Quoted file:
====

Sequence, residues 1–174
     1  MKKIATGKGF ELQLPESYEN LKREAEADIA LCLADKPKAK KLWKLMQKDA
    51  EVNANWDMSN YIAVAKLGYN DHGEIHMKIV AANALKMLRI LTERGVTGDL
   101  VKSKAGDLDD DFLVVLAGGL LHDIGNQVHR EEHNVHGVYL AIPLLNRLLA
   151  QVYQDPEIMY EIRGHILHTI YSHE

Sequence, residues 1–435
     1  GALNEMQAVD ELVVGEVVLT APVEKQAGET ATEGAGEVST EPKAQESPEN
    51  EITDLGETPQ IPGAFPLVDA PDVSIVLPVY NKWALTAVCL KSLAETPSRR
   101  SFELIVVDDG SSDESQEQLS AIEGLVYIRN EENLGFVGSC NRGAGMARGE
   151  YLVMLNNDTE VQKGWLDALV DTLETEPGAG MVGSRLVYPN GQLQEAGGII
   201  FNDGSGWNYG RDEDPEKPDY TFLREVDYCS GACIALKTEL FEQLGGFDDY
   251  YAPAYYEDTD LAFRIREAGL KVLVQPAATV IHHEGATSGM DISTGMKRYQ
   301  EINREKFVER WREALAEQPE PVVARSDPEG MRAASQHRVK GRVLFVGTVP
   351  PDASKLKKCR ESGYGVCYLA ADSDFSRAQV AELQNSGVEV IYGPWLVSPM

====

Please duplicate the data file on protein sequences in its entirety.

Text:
Sequence, residues 1–174
     1  MKKIATGKGF ELQLPESYEN LKREAEADIA LCLADKPKAK KLWKLMQKDA
    51  EVNANWDMSN YIAVAKLGYN DHGEIHMKIV AANALKMLRI LTERGVTGDL
   101  VKSKAGDLDD DFLVVLAGGL LHDIGNQVHR EEHNVHGVYL AIPLLNRLLA
   151  QVYQDPEIMY EIRGHILHTI YSHE

Sequence, residues 1–435
     1  GALNEMQAVD ELVVGEVVLT APVEKQAGET ATEGAGEVST EPKAQESPEN
    51  EITDLGETPQ IPGAFPLVDA PDVSIVLPVY NKWALTAVCL KSLAETPSRR
   101  SFELIVVDDG SSDESQEQLS AIEGLVYIRN EENLGFVGSC NRGAGMARGE
   151  YLVMLNNDTE VQKGWLDALV DTLETEPGAG MVGSRLVYPN GQLQEAGGII
   201  FNDGSGWNYG RDEDPEKPDY TFLREVDYCS GACIALKTEL FEQLGGFDDY
   251  YAPAYYEDTD LAFRIREAGL KVLVQPAATV IHHEGATSGM DISTGMKRYQ
   301  EINREKFVER WREALAEQPE PVVARSDPEG MRAASQHRVK GRVLFVGTVP
   351  PDASKLKKCR ESGYGVCYLA ADSDFSRAQV AELQNSGVEV IYGPWLVSPM